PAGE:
In today’s world, there seems to be no corner of the world that has not been affected by globalization – for good and for bad. While the world becomes more hegemonized socially and culturally, local communities are fighting to preserve their way of life as part of their heritage. Travel and cultural institutions use this “uniqueness” to promote travel and tourism; and while this brings in revenue and exposure, cultural heritage sites that were preserved by virtue of their isolation are now being severely damaged and even destroyed. At the same time, there is a growing awareness that while this unique heritage is used to define a community, society or nation, it also can be a basis for conflict.
The volume addresses a deeply political aspect of heritage preservation and management as it relates to human rights. Social and community advocates assert that heritage is necessary for the articulation and preservation of cultural identity. The display of heritage monuments and performance can be a strategy for asserting minority identity in the face of majority pressure – as well as a tool for resistance and the expression of difference.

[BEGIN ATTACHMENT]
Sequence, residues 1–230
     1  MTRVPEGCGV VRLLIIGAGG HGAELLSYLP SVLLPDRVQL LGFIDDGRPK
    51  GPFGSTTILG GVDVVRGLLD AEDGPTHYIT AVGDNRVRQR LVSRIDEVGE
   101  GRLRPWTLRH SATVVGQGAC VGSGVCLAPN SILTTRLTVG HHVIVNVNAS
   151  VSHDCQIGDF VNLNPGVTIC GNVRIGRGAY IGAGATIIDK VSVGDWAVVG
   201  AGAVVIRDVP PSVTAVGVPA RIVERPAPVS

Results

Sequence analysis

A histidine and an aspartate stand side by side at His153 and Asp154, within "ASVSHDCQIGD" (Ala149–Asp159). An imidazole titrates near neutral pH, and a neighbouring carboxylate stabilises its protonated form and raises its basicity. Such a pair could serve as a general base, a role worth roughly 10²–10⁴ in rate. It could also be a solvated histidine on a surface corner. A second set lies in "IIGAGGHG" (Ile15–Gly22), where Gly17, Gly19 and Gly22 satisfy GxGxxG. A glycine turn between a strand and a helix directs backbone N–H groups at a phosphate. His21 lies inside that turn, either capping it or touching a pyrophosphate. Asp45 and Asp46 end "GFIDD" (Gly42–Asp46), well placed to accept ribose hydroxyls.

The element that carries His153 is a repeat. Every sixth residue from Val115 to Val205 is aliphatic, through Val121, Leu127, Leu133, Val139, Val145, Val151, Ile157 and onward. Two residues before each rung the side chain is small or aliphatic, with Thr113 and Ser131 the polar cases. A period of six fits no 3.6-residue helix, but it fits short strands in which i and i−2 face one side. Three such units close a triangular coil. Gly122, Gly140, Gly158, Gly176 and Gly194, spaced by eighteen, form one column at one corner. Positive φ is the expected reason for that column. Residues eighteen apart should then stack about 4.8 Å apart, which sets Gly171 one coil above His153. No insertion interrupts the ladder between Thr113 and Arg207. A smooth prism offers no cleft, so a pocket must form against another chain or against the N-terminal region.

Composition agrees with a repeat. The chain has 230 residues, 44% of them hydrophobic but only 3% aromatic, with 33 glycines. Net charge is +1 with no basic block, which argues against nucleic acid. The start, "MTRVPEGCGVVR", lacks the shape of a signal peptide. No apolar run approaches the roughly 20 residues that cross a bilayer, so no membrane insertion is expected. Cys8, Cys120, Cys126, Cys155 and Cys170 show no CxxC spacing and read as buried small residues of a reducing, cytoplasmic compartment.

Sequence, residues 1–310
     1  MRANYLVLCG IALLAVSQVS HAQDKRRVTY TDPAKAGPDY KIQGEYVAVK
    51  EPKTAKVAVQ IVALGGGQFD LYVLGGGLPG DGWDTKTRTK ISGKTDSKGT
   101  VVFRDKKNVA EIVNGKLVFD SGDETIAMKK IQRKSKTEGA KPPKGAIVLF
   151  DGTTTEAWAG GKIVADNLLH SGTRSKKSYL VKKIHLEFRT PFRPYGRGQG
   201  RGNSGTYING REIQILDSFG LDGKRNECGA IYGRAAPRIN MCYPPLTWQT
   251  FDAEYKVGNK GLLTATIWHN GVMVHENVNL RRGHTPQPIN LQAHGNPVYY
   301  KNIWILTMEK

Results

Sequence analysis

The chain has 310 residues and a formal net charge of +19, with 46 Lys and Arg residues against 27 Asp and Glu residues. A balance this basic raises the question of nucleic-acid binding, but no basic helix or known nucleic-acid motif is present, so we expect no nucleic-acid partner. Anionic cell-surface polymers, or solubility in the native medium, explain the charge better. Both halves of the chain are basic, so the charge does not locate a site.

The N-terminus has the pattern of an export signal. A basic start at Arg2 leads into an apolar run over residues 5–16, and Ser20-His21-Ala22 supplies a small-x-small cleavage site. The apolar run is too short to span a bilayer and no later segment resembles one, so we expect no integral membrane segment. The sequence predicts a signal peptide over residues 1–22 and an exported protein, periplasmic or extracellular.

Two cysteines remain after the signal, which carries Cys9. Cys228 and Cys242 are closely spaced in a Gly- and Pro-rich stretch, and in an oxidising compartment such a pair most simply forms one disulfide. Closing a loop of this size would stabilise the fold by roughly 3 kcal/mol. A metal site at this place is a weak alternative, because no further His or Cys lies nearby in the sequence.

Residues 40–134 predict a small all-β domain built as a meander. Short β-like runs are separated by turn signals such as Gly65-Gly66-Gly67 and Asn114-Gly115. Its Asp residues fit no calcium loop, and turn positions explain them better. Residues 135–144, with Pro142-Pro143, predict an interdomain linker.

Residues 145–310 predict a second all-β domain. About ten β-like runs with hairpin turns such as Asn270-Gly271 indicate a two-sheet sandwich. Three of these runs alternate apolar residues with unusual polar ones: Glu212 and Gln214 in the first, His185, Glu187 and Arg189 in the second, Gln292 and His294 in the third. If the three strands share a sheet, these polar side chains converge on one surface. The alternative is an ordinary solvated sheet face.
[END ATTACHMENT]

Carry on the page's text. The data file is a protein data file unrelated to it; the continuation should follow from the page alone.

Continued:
Conversely, the erasure of cultural expressions—such as buildings, monuments, language, religion, and social practices—is a powerful tool in warfare and political regulation. In the assault on human lives and political autonomy, the cultural history and values of a community are also attacked, destroying not only individuals but the very fabric of society.
Is there a universal right to the free expression and preservation of cultural heritage, and if so, where is that right articulated and can it be protected? How is the notion of “heritage” used variously to unite and divide communities? Who defines cultural heritage and who should control stewardship and the benefits of cultural heritage?
Cultural Heritage and Human Rights, the first volume in the Cultural Heritage in a Globalized World series, use these issues and questions to contemplate cultural heritage and human rights. The cases presented are world-wide with their implications presented on a global level. This interdisciplinary volume brings together contributors from such diverse fields as: history, culture studies, anthropology, urban and regional planning, archaeology, gender studies, landscape architecture, heritage and museum studies, political economy, and legal studies. It will be of interest to scholars and practitioners in fields that are affected by heritage, globalization and social/cultural studies.